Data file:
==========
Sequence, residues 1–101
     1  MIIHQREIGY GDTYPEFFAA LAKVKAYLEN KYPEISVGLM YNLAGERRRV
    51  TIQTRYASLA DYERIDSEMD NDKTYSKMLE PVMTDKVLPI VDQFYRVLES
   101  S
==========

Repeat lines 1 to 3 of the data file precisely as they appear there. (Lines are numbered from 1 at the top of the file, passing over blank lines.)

Sequence, residues 1–101
     1  MIIHQREIGY GDTYPEFFAA LAKVKAYLEN KYPEISVGLM YNLAGERRRV
    51  TIQTRYASLA DYERIDSEMD NDKTYSKMLE PVMTDKVLPI VDQFYRVLES